Monthly Archives: April 2021

First Volunteer Teaching Class

We were so excited that we finished our first volunteer teaching class in our community, shared with a group of 6 kids aged 11 – 12. Introduced them to the world of Arduino by making simple LED circuity.

Thanks to LEARN CREATIVELY for the class arrangement.

I feel like I have learned a lot while teaching the students, I have learned how to teach people clearly and how to make them understand how to write the program and create the circuit. This lesson also proved that I can teach people programming and circuitry. I think I can have a better time management skill the next time I teach the kids. I want to have better time management skill because we didn’t have enough time to make other light patterns. – Alex

I have learnt a lot from this teaching experience. My programming skills may not be as good as Alex, but I was a good supporter. When Alex is teaching the class, I guided Alex to bring up different topics to make his teaching more fascinating. I also guided the students to have a better understanding of the program. From this teaching lesson, I have learnt that being a good supporter can help make big difference in how the students think and how the teacher speak. Because I forgot most of the programming techniques, so I took this lesson for granted and I managed to recover most of the techniques. Without this lesson, I don’t think I would even remember how to turn on a led. For this time’s lesson, I am very satisfied in the result, so I would like to continue teaching the kids or other kids! – Mountain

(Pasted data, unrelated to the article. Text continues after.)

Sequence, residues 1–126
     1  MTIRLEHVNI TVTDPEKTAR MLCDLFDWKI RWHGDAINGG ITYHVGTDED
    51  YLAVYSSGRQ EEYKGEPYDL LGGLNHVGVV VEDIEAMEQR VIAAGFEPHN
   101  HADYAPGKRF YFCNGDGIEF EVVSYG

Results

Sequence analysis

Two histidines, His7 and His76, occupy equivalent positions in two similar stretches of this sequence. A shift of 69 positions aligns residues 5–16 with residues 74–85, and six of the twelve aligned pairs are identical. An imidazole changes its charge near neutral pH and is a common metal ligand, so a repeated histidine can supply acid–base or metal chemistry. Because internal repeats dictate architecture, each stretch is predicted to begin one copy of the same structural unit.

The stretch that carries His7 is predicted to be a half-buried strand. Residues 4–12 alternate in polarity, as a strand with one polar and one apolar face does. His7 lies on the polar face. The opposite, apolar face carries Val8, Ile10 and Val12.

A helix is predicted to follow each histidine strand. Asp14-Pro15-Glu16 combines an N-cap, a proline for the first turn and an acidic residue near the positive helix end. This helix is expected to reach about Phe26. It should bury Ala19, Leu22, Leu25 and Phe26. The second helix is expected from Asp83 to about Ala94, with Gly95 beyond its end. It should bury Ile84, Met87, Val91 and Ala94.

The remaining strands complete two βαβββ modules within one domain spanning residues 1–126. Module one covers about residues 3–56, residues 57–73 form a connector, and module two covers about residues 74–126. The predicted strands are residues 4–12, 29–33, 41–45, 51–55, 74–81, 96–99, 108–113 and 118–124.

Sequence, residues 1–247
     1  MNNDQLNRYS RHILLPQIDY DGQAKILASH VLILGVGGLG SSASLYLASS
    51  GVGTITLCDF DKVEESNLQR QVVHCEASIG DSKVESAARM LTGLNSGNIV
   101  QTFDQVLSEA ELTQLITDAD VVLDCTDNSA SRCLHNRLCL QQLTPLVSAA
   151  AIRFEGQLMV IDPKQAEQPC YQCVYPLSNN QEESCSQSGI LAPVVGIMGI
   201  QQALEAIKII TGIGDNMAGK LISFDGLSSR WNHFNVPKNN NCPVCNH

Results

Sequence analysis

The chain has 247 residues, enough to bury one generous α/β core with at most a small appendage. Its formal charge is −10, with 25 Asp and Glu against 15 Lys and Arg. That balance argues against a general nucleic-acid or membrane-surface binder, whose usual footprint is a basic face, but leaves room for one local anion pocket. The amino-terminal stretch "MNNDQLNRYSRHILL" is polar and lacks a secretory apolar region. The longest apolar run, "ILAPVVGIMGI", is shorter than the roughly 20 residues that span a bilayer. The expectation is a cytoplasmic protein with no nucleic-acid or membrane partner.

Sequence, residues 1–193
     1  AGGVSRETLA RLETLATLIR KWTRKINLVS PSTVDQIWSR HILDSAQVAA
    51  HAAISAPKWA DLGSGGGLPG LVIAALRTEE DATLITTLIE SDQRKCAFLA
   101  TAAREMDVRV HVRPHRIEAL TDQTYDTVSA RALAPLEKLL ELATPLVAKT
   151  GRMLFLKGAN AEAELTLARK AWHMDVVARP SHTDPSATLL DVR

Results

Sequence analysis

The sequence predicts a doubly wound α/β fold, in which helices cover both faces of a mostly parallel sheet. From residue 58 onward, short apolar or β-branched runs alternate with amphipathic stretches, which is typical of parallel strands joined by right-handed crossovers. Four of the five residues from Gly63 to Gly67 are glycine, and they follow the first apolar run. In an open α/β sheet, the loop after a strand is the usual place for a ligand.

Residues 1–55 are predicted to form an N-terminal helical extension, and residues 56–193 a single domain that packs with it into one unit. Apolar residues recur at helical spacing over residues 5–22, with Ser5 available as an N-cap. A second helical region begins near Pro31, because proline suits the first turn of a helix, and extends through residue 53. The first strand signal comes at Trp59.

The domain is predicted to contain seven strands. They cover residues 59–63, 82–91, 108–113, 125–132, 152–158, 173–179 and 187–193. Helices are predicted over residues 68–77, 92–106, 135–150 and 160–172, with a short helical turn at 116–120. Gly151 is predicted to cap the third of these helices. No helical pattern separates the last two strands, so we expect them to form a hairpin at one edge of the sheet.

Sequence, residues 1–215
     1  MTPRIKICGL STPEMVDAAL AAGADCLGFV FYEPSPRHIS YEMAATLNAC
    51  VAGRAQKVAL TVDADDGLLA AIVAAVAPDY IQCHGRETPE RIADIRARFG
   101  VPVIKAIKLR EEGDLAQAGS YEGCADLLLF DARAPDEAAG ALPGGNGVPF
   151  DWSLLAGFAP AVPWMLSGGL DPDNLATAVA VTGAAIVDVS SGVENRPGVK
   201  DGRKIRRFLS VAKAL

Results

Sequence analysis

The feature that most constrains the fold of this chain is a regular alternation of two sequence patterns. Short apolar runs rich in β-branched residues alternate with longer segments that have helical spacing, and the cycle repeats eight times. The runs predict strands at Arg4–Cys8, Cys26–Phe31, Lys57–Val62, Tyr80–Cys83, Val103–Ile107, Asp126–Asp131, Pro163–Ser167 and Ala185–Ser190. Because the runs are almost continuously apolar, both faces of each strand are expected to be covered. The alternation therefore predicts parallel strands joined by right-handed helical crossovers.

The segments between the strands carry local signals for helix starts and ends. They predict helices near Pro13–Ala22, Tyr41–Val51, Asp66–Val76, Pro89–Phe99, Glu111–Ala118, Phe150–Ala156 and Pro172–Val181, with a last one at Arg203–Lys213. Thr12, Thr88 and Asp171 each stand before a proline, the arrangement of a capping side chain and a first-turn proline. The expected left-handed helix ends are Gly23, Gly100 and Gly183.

LEGO MindStorms – Znap with PS4 controller

This is an extended project of LEGO MindStorms – Znap with a remote controller, please refer it for the Dog movement and communication between EV3 Bricks.

Linux /dev/input/event*

Thanks for Anton’s Mindstorms Hacks, evdev and Linux Input drivers v1.0 (c) 1999-2001 Vojtech Pavlik, they gave us good idea how Linux deal with inputs.

Since ev3dev is Linux based, when PS4 controller connected to the EV3 Brick via Bluetooth, we can identify the handler from a directory call /dev/input. As shown below, event2, event3 and event4 are created when the PS4 controller is connected.

When we looked into the device detail from /proc/bus/input/devices, we can get the following details,

  • Handler Event 0 = Input0 – LEGO Mindstorms EV3 Speaker
  • Handler Event 1 = Input1 – EV3 Brick Buttons
  • Handler Event 2 = Input2 – Wireless Controller Touchpad
  • Handler Event 3 = Input3 – Wireless Controller Motion Sensors
  • Handler Event 4 = Input4 – Wireless Controller

We are going to use the Wireless Controller to control the Dog, event4 is the target handler to get all inputs information. Based on the information we reviewed, we learnt that event4 contains 16 bytes of data as shown below,

  • tv_sec (long unsigned value) : Time in seconds since epoch at which event occurred.
  • tv_usec (long unsigned value) : Microsecond portion of the timestamp.
  • ev_type (unsigned short) : Event type
  • code (unsigned short) : Event code
  • value (signed long) : Event value

We are using ev_type, code and value to monitor the PS4 controller inputs. It updates real time for any status change, such as button press, button release, joystick movement. Keep in mind, if a button is being held, it will generate a value ‘1’ for once but no additional update until the button is released, then a value ‘0’ will be generated.

[This part was created by Adam]

PS4 Controller mapping with EV3DEV

# Open the PS4 Controller file at /dev/input/event4 in binary mode
infile_path = "/dev/input/event4"
in_file = open(infile_path, "rb")

# Format of the event contains - unsigned long int, unsigned long int, 
# unsigned short, unsigned short, signed int, i.e. LLHHi
EVENT_SIZE = struct.calcsize(FORMAT)
# Read from the file and unpack into five variable based on the format
event =
(tv_sec, tv_usec, ev_type, code, value) = struct.unpack(FORMAT, event)

This part is to open the file event4 to import the PS4 Controller values into 5 variables based on the predefined format – ‘LLHHi’. We use ev_type, code and value to identify the action from PS4 Controller.